some Chennaites would remember this ~ at the all important junction known as Kathipara [now overshadowed by the clover bridge and Alandur Metro Station] was once a junction, a roundabout with the statue of India's first prime minister Jawaharlal Nehru. The statue was removed from its place to give way for the flyover and now stands forlorn in the roundabout from airport towards Porur beneath the bridge. It has some added significance as on that fateful day in May 1991 –on an election campaign, Rajiv Gandhji landed up at Madras, met the press, stopped at Kathipara Junction at around 0915 pm to garland Jawaharlal Nehru’s statue …… reached Sriperumpudur, garlanded the statue of Indira Gandhi and took that fateful step at around 10.20 pm at Sriperumpudur… makes a sad reading.

A few years ago, during the elections in Uttar Pradesh Election Commission (EC) ordered masking of the umpteen elephant statues that Mayavati had erected across the state.   In  Tamil Nadu in 2014, they issued orders to cover CM’s  pictures on the boards of "Amma Unvagam" (Amma Canteens), her block-buster food security initiative that serves hot cooked meals to thousands of people every day.  A fortnight ago, in a move defying every logic came the order to cover beautiful kolams inside Sri Villiputhur Sri Andal Temple under the pretext that they were lotus, party symbol of BJP’.  There were many protests on the social media and subsequently that order was revised.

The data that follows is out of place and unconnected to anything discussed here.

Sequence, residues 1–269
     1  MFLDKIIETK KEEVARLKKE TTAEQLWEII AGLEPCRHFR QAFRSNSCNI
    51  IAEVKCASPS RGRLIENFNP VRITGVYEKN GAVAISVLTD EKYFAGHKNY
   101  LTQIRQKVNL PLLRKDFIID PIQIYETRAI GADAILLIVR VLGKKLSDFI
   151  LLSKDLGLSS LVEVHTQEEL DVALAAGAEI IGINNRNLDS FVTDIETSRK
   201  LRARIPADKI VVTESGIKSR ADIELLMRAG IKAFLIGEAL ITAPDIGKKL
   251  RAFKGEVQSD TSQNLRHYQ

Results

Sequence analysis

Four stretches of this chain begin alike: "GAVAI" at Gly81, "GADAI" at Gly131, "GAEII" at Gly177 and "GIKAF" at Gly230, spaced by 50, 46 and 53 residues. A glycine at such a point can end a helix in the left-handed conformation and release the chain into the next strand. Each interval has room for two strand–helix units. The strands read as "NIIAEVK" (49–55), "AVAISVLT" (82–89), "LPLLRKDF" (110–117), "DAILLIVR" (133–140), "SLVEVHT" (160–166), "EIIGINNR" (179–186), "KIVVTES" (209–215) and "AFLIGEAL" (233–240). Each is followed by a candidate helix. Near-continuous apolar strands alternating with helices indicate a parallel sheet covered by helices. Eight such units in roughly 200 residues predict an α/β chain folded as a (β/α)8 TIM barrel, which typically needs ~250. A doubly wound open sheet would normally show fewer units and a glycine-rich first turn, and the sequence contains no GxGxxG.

Now read this news in TOI Chennai edition : activists who garland freedom fighter Su Nellaiyappar’s statue in Chromepet on his birth and death anniversaries every year had to keep their routine celebrations on hold till the last moment. Poll officials had covered the statue mistaking Nellaiyappar for a political leader.Members of a local organization submitted a letter at the Chromepet police station and sought help to remove the cloth wrapped around the statue. S Meenakshi Sundaram, treasurer of Tamil Peravai, spoke to the assistant returning officer and election officer after which the statue was uncovered.

“We have been garlanding the statue for 30 years. We also distribute food to 100 poor people in the neighbourhood on his birth and death anniversaries. We have been trying to approach officials to let us garland the statue but they kept dodging us,” said Meenakshi. With the celebrations in doubt till Thursday morning, Tamil Peravai members could not arrange for the food.“Nellaiyappar was not a politician and there was no need to cover his statue,” said R Ramadoss, lawyer and social activist. Nellaiyappar was a native of Parali, a village in Tirunelveli. A school in his name was later set up in the mid-1950s in Bharathipuram, Chromepet to educate children free of cost. He had donated the plot for the school. However, it was shut down due to lack of patronage.

Interesting !

With regards – S. Sampathkumar
29th Mar 2019.